An every particular.
~' I ,
BEARDSLEY & SPALDING,
Troy,lipril 27-ly . ,
. . •'I
BL 'BOOK MAN UFACTITRu
Alfred J. Purvi,
'IL TO %/ . 1-1. :s; 11. k ,
All work in his line doneirell and promptly at
Parties having volumes incomplete will be fur
nished with any missing numbers at cost price.
All orders given to J. J. Scanlan. Agent for
Bradford County. will be Promptly executed ac-
Cording to directions. sepe.tf
• J Fw F I J LER
.711.41. X STREET,
• 1 ~.
Nexdilpor to Dr. H C. Porter's Drug elore
J E.W.E L li, Y.,
SPECTACLES & EYE GLASSES;
FROM THE CHEAPEST TO THE BEST.
Ipiri ALL OF WHICH WILL VF. SOLD AT THE
PERT LOWEST PRICES,
Clocks. Watches and Jewelry promptly repaired
by en experienced and competent workman.
The Wald banged I
'This liniment has been
inamilketured and - used for
twenty-five years.. and our
innumerable certificates .of
cure prove it to be an un
paralelled success. -We do
not offer it as an internal
that any Liniment that Can
be taken into the stomach '
without injury can have lit.
tie efficiency in, acting as a
specific when externally ap
plied. This being compoun
ded entirely of Oils, is readi
ly absorbed into the system
givinsrprompt relief even in
eases of acute pain tanned
by Ilheumatism, Neuralgia,
Sciatica, Lumbago, sprains,
Bruises, Chilblains, or from
Borman & Beast any calms where a Liniment
is demanded. The Oils are
so penetrating that a thorough use of the Lini
ment will remove all stiffness of joints, lameness
of muscles, or pain arising from, intimation or
any cause. Even in chronic Spinal Disease, and
Paralysis, frequent use of Olt Liniment will eff
ect many cures. Finally, for pain In any put
of the body, use freely, with rubbing, and warmth
and we guarantee relief. You will find a trial
of it the best certificate of its value. It is the
only Liniment made entirely of Oils, and we-chal
lenge the world for its equal. Price IS and 50
cents per bottle. SOLD SY tLL DEALERS. ,
' Try Dr. Sawens Improve t Mandrake Pills.
they aro made pleasant and effective. Price 25
NEW GOODS 1 .
(Forruerly with Rundebrin.)
With Swarts & Gorden's Store,.
Main Street, Towanda, Pa.,
S ISS AND AMERICANS
kNO RAVI NG; • 1 SI; E6IALTY.
Wo keep on hankoonstantly.eitbnildeiv,-
SHINGLES, SASH, DOORS;
No: 131 Genc.l:is(q. street,
• UTICA. N. Y
j@ Orin to be found at the OLD STAND
. WITH A FULL LIFE OF
FINE AMERICAN, AND SWISS
STERLING SILVER AND'i.
FINE PLATED WARE,
* • e:t • A. N. NELSON
4 / 1
( 11 WATCHES, :
- FINE OCiLD AND — MATED
of every esriety,soil Specbcles. sir Particul •
&Oration pelt* to repairing. Shop to Decker •
Nought's Grocery Eton, Melo Street, Tireods.
Penns. , sepSGS
ORNAMENTAL JOB PRINTING
a imastalty at the Szaastaata off'
to vigorously push a business,
strength to study a profession,
strength to regulate a household,
strength -to do a day's labor with- '
out physical' pain. All this repre
sents what is wanted, in the often
heard expression, "Oh i I . wish I
had . the strength!" If you are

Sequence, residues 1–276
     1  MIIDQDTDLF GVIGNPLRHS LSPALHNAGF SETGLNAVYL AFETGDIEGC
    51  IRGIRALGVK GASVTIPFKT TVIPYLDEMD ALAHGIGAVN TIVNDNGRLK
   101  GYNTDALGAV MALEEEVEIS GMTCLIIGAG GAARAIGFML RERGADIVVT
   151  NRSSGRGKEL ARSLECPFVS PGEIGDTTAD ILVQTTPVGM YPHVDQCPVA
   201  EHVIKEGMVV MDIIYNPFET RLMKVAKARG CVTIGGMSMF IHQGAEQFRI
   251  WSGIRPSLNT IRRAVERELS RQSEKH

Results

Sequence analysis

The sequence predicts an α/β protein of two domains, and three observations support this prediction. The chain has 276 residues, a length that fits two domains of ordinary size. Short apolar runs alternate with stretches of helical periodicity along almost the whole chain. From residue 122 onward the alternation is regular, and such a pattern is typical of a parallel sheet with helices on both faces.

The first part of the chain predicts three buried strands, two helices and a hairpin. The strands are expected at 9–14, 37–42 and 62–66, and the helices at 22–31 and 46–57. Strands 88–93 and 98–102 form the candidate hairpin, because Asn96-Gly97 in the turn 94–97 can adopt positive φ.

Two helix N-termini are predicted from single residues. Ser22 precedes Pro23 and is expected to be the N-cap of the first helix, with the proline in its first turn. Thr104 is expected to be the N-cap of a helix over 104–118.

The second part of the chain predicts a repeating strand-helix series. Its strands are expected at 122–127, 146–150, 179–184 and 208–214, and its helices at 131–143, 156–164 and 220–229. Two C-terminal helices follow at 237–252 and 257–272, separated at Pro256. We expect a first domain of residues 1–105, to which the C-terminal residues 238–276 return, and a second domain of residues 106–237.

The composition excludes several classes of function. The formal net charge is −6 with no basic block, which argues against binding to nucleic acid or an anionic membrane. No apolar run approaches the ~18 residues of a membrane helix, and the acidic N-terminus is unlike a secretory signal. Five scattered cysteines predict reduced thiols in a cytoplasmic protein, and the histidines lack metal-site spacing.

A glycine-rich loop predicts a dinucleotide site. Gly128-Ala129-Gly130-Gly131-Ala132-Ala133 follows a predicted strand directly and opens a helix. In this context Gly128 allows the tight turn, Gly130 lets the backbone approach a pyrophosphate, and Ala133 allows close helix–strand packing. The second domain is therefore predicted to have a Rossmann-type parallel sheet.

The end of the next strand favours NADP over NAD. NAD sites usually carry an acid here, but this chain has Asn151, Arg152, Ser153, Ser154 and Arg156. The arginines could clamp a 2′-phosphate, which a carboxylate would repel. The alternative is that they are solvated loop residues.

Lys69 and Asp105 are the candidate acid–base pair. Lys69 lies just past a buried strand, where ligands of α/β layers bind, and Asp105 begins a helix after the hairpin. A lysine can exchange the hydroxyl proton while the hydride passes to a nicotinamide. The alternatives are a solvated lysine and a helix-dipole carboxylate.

broken, down, have not energy, or
feel as it life was hardly worth liv
ing, you can be relieved and re
stored to robust health and strength .
'by taking BROWN'S. IRON BIT
TERS, which is, a truer tonic—a
medicine universally recommended
for all wasting diseases.
•• fromiteversinCe. Aboutfour
', • pis, which kept me in bed six
•'1 months, and the best doctors
in the city said I could not
live. I suffered fearfullyfrom
indigestion,4md for over two-
years couhrnot eat solid food
r.nd for a large portion of the
ti: le was unable to retain even
• nourishMent. I tried
Zinn. !I's I ron Bitters and now.
after taking tWo bottles I am
able to get up and go around
and am rapidly improving.
• - • G. inEctrrn
' 4-e, •
BROWN'S IRON BITTERS is
tr l complete and sure remedy for
Indigestion, Dyspepsia, Malaria,
Wealitlss and,all diseases requir
in reliable, non-alcoholic,
to 4 It enriches the blood, gives'
new life to the musclei and tone
to the nerves.
Nothing Short of Unmistakable
• ".: , Benefits
Conferred upon tens of thousands of
sufferers could originate and maintain
.rfpntation which AYER's SAIIBA-`
PAna t .h.► enjoys. It is a compound of
the best .vegetable afterativeS, with the
lodidislof Potassluin and, Iron, —all
• pcnTerfal, blood-makingsiodood-cleansing
auctlitsustiiining—and is the most
ffectu of all ; _ remedies for scrotli
ion's, ',mercurial, or .hlood .disonted.
Uniformly suecesSild And. certain, it
~Ptoduees rapid and complete cures of
-sl7roftila, Sores, Polls, liinnors, Pim
ples, Eruptions, Skin Diseases and all
disorders arising from impurity of the
blond. By its invigorating effects it
always relieves and often cures Liver
Complaints, Female Weaknesses and
Irregularities, and is a potent renewer
- f)f -waning vitality. " .For purifying the
blon - d it has no equal. It tones! up the
~ ,restores and preserves. the
lioaltin and imparts vigor and energy.
For fogy years it has been in extensive
use,j,aticl is to-day the most aysAgable
inetifeibe for the suffering